Italian businessman honoured as Righteous Gentile
TORONTO — Giorgio Perlasca, an Italian businessman who posed as a Spanish diplomat while in Hungary during World War II, saved more than 5,000 Hungarian Jews,
He was honoured at a tribute attended by his son, Franco, and his daughter-in-law, Luciana Amadio, at the Lipa Green Centre in Toronto on April 1.
The event was organized by the Centre for Israel and Jewish Affairs (CIJA) and the National Council of Italian Canadians.
Giorgio Perlasca was born in Como, Italy. At the beginning of World War II, he was sent to Hungary to get supplies for the Italian army. In 1943, Italy signed an armistice with the Allied Armed Forces, who were then occupying the southern party of the country, entailing the capitulation of Italy. Perlasca refused to swear loyalty to Mussolini’s Italian Social Republic, a puppet state of Nazi Germany, and instead proclaimed his loyalty to the Italian monarch, Victor Emmanuel.
Perlasca was jailed but eventually took advantage of a medical pass and sought refuge in the Spanish Embassy in Budapest. He became a Spanish citizen, going by the name of Jorge Perlasca, and he began working with the Spanish ambassador, Angel Sanz Briz, and other diplomats of neutral states to help Jews escape Nazi Hungary. He acquired protection cards for many Jewish citizens based on the 1924 Law of Miguel Primo de Rivera, which granted all Jews of Sephardi origin Spanish citizenship.
When Sanz Briz left Hungary for Switzerland in 1944, the Hungarian government ordered Perlasca to clear out all the houses where Jews were living, and were protected. Perlasca knew that these Jews would be sent to concentration camps, so he falsely informed the government that he had been appointed Sanz Briz’s replacement. This allowed him to house, feed and protect more than 5,000 Hungarian Jews. After the war, Perlasca moved back to Italy and did not speak of his heroic actions until 30 years had passed.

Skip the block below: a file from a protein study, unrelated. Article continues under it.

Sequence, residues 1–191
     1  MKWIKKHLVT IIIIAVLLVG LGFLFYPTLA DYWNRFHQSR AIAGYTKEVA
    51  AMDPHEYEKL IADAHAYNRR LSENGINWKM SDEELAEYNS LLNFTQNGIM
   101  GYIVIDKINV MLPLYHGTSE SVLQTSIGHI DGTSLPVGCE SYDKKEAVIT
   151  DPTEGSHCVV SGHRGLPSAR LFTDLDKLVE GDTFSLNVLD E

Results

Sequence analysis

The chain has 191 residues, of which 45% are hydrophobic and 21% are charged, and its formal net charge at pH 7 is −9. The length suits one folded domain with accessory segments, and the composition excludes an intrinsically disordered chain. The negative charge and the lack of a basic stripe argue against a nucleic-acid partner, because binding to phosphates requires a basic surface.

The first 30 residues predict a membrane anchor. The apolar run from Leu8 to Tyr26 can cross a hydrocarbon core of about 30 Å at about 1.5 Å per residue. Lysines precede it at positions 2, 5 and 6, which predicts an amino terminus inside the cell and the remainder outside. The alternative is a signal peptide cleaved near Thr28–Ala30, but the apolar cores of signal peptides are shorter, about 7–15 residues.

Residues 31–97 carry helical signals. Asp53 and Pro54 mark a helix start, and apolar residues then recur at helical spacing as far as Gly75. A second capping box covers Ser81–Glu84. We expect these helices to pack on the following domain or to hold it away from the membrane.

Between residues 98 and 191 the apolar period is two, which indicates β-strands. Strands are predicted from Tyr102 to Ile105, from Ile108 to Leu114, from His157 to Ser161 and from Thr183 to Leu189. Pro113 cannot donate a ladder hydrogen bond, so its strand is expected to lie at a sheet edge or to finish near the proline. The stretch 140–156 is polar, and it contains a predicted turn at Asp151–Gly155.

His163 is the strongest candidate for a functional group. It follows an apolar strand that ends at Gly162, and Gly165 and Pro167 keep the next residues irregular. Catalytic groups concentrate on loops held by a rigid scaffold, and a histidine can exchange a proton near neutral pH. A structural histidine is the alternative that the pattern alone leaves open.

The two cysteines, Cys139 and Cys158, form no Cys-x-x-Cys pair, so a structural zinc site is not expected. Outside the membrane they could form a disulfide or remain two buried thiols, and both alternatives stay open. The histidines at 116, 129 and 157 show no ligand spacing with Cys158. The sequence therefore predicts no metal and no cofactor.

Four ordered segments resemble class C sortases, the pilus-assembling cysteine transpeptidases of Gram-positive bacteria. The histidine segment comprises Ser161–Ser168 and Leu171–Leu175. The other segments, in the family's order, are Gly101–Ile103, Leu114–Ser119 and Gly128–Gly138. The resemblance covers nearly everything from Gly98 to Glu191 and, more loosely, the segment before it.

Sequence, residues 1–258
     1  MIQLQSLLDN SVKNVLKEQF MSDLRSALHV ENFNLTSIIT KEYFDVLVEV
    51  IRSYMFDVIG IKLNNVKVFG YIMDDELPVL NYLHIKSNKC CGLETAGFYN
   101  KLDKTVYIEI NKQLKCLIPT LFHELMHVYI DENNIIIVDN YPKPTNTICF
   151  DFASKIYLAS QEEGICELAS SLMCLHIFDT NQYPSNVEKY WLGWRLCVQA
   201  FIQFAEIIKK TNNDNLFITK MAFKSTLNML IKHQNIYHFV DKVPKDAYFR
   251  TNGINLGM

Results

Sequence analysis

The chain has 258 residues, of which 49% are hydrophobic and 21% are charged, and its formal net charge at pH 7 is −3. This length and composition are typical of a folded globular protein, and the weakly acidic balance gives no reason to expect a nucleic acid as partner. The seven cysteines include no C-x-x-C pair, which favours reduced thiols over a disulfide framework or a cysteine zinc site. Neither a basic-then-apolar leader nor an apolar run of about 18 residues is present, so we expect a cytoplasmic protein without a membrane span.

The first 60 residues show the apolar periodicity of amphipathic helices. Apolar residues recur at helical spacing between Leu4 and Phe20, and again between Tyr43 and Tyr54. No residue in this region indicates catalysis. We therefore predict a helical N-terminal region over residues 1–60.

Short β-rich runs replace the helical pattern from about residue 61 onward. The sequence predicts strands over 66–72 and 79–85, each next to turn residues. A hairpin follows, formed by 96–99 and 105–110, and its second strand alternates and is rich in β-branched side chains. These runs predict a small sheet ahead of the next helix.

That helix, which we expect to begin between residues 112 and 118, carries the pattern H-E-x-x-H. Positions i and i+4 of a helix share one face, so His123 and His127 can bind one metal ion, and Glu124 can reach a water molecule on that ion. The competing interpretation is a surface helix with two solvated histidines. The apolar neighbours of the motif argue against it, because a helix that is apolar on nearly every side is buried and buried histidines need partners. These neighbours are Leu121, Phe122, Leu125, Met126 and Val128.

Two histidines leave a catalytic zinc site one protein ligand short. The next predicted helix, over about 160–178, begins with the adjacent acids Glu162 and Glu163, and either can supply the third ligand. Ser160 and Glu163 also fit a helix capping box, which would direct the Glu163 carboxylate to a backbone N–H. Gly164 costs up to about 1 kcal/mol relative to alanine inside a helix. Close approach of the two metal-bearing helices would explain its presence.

Franco Perlasca spoke to the audience, made up of members of the Italian and Jewish communities of Toronto, about his father. “He left a beautiful legacy,” Perlasca said. “Remembering is important because it shows that anybody can do something like this, if they want to. I hope his story is remembered, especially by young people, so that they know how to react to violence like this.”
Perlasca never revealed to his wife or children that he played such a large role in saving the lives of so many Hungarian Jews. The story only came out when a few Hungarian women began looking for the Spanish diplomat who saved their lives.
“My father never told his story,” said Perlasca. “When these women found him, I began to understand that he saved them. But when they started telling their stories, I realized that my father might have saved tens, hundreds or even thousands of people, and then I couldn’t comprehend it anymore. I realized I had lived for more than 30 years with a person who I knew nothing about.”
During the presentation, a film about Perlasca was screened, in which Mary Siklos, a Toronto Holocaust survivior, spoke about Giorgio Perlasca. “He saved my family,” she said. “I would never have been born if not for [his] bravery.”
Perlasca was often asked why he took such risks to save the lives of strangers. His son said his father would always answer, “What would you have done in my shoes, seeing so many people suffering and being killed just because of their religion.”
Perlasca has been honoured by Israel, Italy, Hungary, Spain and the United States. He died in 1992 and asked that the phrase “Righteous Among the Nations” be written in Hebrew on his grave.
Len Rudner, CIJA’s director of community relations and outreach, said he was delighted that the opportunity to honour Perlasca arose.
“I think it’s tremendously important to reflect on the fact that one person can make a difference. It’s an important lesson for us to hold close to our hearts,” he said.